All these factors could bode well for the future security and growth and Senior Housing Properties’ dividend, despite some of the challenges such as cost inflation and lower occupancy that many healthcare facility operators face today.
Market value: $619.0 million
Distribution yield: 8.0%
TransMontaigne Partners, LP (TLP, $38.20) owns 51 storage terminals and three product pipelines used primarily by refineries to move their products and liquids across America.
The company’s essential infrastructure provides predictable cash flow thanks to the nature of the business. Specifically, about 93% of TransMontaigne Partners’ capacity was under long-term take-or-pay contracts with customers as of March 31, 2018.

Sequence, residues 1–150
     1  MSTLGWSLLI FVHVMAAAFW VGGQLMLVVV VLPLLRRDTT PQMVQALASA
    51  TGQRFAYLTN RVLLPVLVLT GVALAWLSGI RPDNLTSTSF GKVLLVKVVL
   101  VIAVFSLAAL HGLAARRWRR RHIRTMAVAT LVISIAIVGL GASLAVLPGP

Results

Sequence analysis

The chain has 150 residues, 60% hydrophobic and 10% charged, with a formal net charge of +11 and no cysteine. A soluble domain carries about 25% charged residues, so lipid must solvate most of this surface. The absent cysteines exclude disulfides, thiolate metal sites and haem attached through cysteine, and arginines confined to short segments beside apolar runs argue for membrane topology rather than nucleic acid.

Importantly, TransMontaigne Partners is fairly insulated from commodity price volatility because 75% of its revenue is generated from terminaling service fees that are based on minimum volume commitments.
While many MLPs have run into trouble in recent years due to unsustainable debt loads, high payout ratios and unsustainable costs of growth capital, TLP has taken a more conservative approach.
Specifically, the partnership’s distribution coverage ratio sat at 1.39x in the first quarter of 2018, in line with its long-term historical average of 1.4. As a result, TransMontaigne Partners has been able to pay steady or higher distributions each year since its IPO in 2005 and should continue doing so for the foreseeable future.